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Learn how to secure your crypto wallets properly

How to Secure Your Cryptocurrency

Last Updated: July 25, 2022
Crypto is a hot topic, and the number of crypto theft has been increasing over the years. Not only the ordinary people who got their crypto stolen, but even crypto exchanges as well like Binance and others, have become victims of crypto cybercriminals in the past. So, how to secure your cryptocurrency from prying eyes? And how important is it to pay attention to security issues? 

Well, this article will give you security tips on how to protect yourself against all the possible threats to your cryptocurrency security – whether you’re using popular browser-based applications or mobile wallet applications, or even hardware wallets, you have come to the right place for the tips.

Identifying And Categorizing Problems With Cryptocurrency Security

First of all, we need to be able to define the categories of crypto theft. Not all of them are equal, and you shouldn’t need to worry about everything. The biggest crypto theft stories usually involved the likes of crypto exchanges (think of Mt. Gox) or loopholes in smart contracts (think of Compound or Wormhole).

Obviously, just because you have no control over what’s happening in the crypto exchange industry or smart contract applications, it doesn’t mean you should completely ignore them. It’s actually the opposite. You should pay attention to them, so you know which one to avoid by analyzing how the previous hacks or thefts happened.

And then, there are certain practices you need to learn to enhance your own personal crypto wallet security. Once again, these practices are separate issues from all the big thefts that have happened to big crypto exchanges and smart contracts.

Let’s break down one by one all the most important tips regarding how to secure your cryptocurrency wallet.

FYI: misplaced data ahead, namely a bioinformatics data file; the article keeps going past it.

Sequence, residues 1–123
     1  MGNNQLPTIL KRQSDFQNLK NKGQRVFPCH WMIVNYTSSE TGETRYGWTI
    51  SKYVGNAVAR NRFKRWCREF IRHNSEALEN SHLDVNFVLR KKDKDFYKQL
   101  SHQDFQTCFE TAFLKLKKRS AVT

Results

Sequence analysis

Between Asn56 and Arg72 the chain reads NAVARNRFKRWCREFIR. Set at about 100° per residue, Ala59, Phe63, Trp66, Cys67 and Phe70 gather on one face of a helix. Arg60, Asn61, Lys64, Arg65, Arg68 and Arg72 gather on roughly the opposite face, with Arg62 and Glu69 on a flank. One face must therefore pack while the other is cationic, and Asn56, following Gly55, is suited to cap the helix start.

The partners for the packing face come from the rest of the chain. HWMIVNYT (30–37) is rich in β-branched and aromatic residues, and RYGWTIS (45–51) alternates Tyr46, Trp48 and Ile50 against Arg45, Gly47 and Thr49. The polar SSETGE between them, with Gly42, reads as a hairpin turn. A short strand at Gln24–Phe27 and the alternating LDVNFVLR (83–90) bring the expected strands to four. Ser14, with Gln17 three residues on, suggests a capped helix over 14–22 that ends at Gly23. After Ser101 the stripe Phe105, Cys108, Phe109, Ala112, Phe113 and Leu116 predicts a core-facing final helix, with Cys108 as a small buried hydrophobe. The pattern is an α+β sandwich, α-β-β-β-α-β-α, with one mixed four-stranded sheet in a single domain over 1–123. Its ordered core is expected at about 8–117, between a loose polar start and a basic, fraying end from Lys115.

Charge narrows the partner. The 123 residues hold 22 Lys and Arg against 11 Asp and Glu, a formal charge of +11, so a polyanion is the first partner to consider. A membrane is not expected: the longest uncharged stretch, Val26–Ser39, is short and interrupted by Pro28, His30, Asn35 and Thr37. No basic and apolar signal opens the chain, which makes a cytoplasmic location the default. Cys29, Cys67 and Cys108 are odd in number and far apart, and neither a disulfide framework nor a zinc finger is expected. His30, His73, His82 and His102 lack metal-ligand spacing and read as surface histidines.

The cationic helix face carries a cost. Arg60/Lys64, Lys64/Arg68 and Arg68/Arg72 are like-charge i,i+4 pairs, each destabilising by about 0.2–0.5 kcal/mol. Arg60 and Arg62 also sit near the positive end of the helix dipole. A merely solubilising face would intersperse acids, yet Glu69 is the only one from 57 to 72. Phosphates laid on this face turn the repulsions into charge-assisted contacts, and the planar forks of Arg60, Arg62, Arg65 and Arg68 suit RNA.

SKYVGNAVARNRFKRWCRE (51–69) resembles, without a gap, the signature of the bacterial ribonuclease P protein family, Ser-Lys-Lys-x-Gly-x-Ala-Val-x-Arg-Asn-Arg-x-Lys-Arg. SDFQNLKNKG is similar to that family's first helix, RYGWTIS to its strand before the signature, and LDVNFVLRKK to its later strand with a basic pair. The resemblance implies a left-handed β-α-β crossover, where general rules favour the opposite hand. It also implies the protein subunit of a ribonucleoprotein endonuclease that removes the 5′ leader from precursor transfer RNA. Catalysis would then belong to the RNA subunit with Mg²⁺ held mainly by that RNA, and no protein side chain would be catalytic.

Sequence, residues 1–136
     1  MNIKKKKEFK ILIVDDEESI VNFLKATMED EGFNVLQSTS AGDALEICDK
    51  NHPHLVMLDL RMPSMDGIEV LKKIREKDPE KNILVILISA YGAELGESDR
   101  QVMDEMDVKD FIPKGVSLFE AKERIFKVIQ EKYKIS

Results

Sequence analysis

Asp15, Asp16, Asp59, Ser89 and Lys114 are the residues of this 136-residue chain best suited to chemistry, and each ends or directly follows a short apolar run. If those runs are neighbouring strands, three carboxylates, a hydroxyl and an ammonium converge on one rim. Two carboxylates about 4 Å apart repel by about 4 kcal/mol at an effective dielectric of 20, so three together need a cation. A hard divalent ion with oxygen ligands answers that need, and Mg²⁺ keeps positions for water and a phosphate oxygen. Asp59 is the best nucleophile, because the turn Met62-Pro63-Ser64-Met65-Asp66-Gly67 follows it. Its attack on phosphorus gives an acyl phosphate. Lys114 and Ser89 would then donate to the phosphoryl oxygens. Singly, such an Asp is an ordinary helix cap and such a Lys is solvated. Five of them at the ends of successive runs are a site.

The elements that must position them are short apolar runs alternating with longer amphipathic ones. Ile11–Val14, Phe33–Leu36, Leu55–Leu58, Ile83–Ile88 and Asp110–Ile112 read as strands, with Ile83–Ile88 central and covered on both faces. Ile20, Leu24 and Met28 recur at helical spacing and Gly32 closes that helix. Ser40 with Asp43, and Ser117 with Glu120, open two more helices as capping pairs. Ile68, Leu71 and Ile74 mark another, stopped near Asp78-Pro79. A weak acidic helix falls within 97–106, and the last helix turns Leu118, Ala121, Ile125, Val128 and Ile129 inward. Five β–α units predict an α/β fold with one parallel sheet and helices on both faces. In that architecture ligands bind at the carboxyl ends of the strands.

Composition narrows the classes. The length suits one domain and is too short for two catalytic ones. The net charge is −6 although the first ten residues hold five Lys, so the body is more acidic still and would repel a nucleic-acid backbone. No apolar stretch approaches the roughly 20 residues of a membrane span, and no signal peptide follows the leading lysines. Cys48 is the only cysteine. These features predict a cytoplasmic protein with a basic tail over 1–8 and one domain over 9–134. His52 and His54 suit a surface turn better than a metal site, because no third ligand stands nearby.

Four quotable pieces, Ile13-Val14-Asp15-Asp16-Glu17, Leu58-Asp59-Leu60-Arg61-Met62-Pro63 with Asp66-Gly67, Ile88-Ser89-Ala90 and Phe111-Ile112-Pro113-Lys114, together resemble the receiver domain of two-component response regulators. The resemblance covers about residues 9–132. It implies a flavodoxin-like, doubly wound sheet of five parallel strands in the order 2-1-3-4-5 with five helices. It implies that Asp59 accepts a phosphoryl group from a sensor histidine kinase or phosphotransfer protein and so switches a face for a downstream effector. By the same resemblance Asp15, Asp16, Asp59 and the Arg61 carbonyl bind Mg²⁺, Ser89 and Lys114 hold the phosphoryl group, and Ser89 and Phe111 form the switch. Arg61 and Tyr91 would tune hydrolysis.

Not Your Keys, Not Your Coins

always store your crypto in your own wallet where you have full control of its backup phrase
First and foremost, if you plan to invest in crypto long term, you must understand the phrase “not your keys, not your coins.” It is a popular phrase that means you should always store your cryptocurrencies within your own non-custodial crypto wallets.

Unlike centralized cryptocurrency exchanges (CEX-es) where they control the private keys to your account wallet address, non-custodial wallets give full control to the users.

Centralized exchanges sometimes work like traditional banks where a massive amount of cryptocurrencies that they hold are loaned out to other businesses (fractional reserve banking). That’s why whenever something bad happens (such as a hacking incident or massive bear market), they might pause user withdrawal to avoid the equivalent of a bank run but in crypto.

So, if you believe BTC or ETH prices can go up within a few years from now, you should not hold your cryptocurrencies in any exchange. Always use your own wallet address where you can control your own private keys (such as Metamask or Trust Wallet or even hardware wallet like Ledger).

Store Your 12-Word or 24-Word Backup Phrase And Private Keys Outside Your Main Devices

The best examples of non-custodial crypto wallets are Exodus, Metamask, Lead Wallet, MyEtherWallet, or hardware wallets like Trezor and Ledger. When you use these wallet applications, you will be asked to write down a 12-word or 24-word backup phrase. 

These backup phrases must never be told to anybody because they can access and move your cryptocurrencies once they find out your 12-word or 24-word backup phrase.